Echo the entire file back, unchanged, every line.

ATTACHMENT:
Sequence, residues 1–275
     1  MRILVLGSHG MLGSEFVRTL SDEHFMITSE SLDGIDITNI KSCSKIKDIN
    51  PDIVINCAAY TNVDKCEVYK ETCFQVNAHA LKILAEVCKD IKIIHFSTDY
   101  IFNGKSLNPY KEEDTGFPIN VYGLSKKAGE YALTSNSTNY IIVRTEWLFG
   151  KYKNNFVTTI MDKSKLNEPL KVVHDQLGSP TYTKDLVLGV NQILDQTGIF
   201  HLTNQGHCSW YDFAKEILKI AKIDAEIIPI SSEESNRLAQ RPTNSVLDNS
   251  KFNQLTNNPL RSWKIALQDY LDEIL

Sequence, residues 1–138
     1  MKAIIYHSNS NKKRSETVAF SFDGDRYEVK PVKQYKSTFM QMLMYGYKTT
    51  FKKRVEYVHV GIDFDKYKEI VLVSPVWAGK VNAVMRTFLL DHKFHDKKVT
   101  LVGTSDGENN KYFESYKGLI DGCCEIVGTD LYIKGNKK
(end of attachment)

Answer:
Sequence, residues 1–275
     1  MRILVLGSHG MLGSEFVRTL SDEHFMITSE SLDGIDITNI KSCSKIKDIN
    51  PDIVINCAAY TNVDKCEVYK ETCFQVNAHA LKILAEVCKD IKIIHFSTDY
   101  IFNGKSLNPY KEEDTGFPIN VYGLSKKAGE YALTSNSTNY IIVRTEWLFG
   151  KYKNNFVTTI MDKSKLNEPL KVVHDQLGSP TYTKDLVLGV NQILDQTGIF
   201  HLTNQGHCSW YDFAKEILKI AKIDAEIIPI SSEESNRLAQ RPTNSVLDNS
   251  KFNQLTNNPL RSWKIALQDY LDEIL

Sequence, residues 1–138
     1  MKAIIYHSNS NKKRSETVAF SFDGDRYEVK PVKQYKSTFM QMLMYGYKTT
    51  FKKRVEYVHV GIDFDKYKEI VLVSPVWAGK VNAVMRTFLL DHKFHDKKVT
   101  LVGTSDGENN KYFESYKGLI DGCCEIVGTD LYIKGNKK